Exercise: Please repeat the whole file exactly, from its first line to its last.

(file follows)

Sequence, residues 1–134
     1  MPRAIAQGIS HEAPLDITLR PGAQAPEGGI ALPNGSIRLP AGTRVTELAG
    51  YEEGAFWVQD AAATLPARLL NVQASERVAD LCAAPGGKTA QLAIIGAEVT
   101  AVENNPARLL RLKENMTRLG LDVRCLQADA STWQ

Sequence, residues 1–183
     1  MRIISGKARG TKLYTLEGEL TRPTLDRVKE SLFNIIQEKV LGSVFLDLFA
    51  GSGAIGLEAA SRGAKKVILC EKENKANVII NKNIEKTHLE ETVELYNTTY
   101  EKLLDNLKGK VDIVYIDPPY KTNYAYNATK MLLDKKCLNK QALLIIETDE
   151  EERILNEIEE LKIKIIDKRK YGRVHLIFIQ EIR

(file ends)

Sequence, residues 1–134
     1  MPRAIAQGIS HEAPLDITLR PGAQAPEGGI ALPNGSIRLP AGTRVTELAG
    51  YEEGAFWVQD AAATLPARLL NVQASERVAD LCAAPGGKTA QLAIIGAEVT
   101  AVENNPARLL RLKENMTRLG LDVRCLQADA STWQ

Sequence, residues 1–183
     1  MRIISGKARG TKLYTLEGEL TRPTLDRVKE SLFNIIQEKV LGSVFLDLFA
    51  GSGAIGLEAA SRGAKKVILC EKENKANVII NKNIEKTHLE ETVELYNTTY
   101  EKLLDNLKGK VDIVYIDPPY KTNYAYNATK MLLDKKCLNK QALLIIETDE
   151  EERILNEIEE LKIKIIDKRK YGRVHLIFIQ EIR